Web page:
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LONDON: Aluminium rose on Tuesday, helped by a weakening dollar and a sharp fall in inventories available on the London Metal Exchange (LME), but rising COVID cases in China and expectations of surplus supply next year limited gains.

Benchmark aluminium on the LME was up 0.4% at $2,370 a tonne in official trading after 32,950 tonnes were earmarked for delivery out of LME-registered warehouses, lowering on-warrant stocks to 237,650 tonnes.

LME aluminium inventories have been falling in recent weeks and stocks in Shanghai Futures Exchange warehouses, at 92,373 tonnes, are near multi-year lows.

Yet prices of the metal used in transport, construction and packaging have declined in December and are down 15% this year due to a global economic slowdown.

“Demand is weakening, especially in China,” said Citi analyst Wenyu Yao, predicting further price falls.

Citi expects the 65-70 million tonne a year market to be oversupplied by 900,000 tonnes next year, she said.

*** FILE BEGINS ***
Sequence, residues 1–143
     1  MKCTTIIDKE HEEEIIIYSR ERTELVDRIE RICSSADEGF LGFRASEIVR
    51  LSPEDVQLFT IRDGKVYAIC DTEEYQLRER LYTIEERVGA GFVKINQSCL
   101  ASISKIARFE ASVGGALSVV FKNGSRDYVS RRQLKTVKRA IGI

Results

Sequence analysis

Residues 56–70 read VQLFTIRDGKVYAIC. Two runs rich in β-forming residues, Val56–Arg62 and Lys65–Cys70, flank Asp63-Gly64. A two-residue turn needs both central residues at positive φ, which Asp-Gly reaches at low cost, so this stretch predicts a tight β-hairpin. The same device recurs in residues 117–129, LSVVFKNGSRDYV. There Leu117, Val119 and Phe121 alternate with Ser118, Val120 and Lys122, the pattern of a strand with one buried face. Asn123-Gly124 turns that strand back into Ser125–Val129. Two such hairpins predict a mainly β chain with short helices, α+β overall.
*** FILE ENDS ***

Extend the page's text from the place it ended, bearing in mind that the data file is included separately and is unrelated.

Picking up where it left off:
LME aluminium may fall into $2,237-$2,286 range this week

In China, the biggest metals consumer, cities scrambled to install hospital beds and build fever screening clinics amid a surge in COVID-19 cases that will likely disrupt economic activity.

Analysts expect economic stimulus measures but on Tuesday China’s central bank kept benchmark lending interest rates unchanged and Chinese stock markets fell, echoing broader declines on global equities markets.

The dollar weakened, however, helping dollar-priced metals by making them cheaper for buyers with other currencies.

LME nickel rose 5% to $28,575 a tonne, erasing losses of recent days. A trader said liquidity was so low that buy orders were able to send prices sharply higher.

“We see nickel prices declining to $26,000 a tonne over the next three months and falling even further to $22,000 tonnes by the end of 2023,” said Citi analyst Tom Mulqueen, predicting hefty surpluses for 2023 and 2024.

LME copper was up 0.1% at $8,325 a tonne, zinc was up 0.5% at $3,028, lead rose 0.2% to $2,165 and tin was 0.3% higher at $23,370.

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